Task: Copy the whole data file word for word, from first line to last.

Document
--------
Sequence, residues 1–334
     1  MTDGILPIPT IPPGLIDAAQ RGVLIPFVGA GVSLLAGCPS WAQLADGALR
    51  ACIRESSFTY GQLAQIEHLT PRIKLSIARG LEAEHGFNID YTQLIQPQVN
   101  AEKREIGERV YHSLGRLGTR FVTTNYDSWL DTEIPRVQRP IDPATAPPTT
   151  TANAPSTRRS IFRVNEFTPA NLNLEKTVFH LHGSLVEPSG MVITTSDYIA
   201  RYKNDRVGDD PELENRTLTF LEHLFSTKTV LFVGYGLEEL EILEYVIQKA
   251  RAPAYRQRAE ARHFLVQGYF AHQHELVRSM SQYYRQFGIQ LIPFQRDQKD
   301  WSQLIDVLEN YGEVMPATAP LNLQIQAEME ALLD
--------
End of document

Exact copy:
Sequence, residues 1–334
     1  MTDGILPIPT IPPGLIDAAQ RGVLIPFVGA GVSLLAGCPS WAQLADGALR
    51  ACIRESSFTY GQLAQIEHLT PRIKLSIARG LEAEHGFNID YTQLIQPQVN
   101  AEKREIGERV YHSLGRLGTR FVTTNYDSWL DTEIPRVQRP IDPATAPPTT
   151  TANAPSTRRS IFRVNEFTPA NLNLEKTVFH LHGSLVEPSG MVITTSDYIA
   201  RYKNDRVGDD PELENRTLTF LEHLFSTKTV LFVGYGLEEL EILEYVIQKA
   251  RAPAYRQRAE ARHFLVQGYF AHQHELVRSM SQYYRQFGIQ LIPFQRDQKD
   301  WSQLIDVLEN YGEVMPATAP LNLQIQAEME ALLD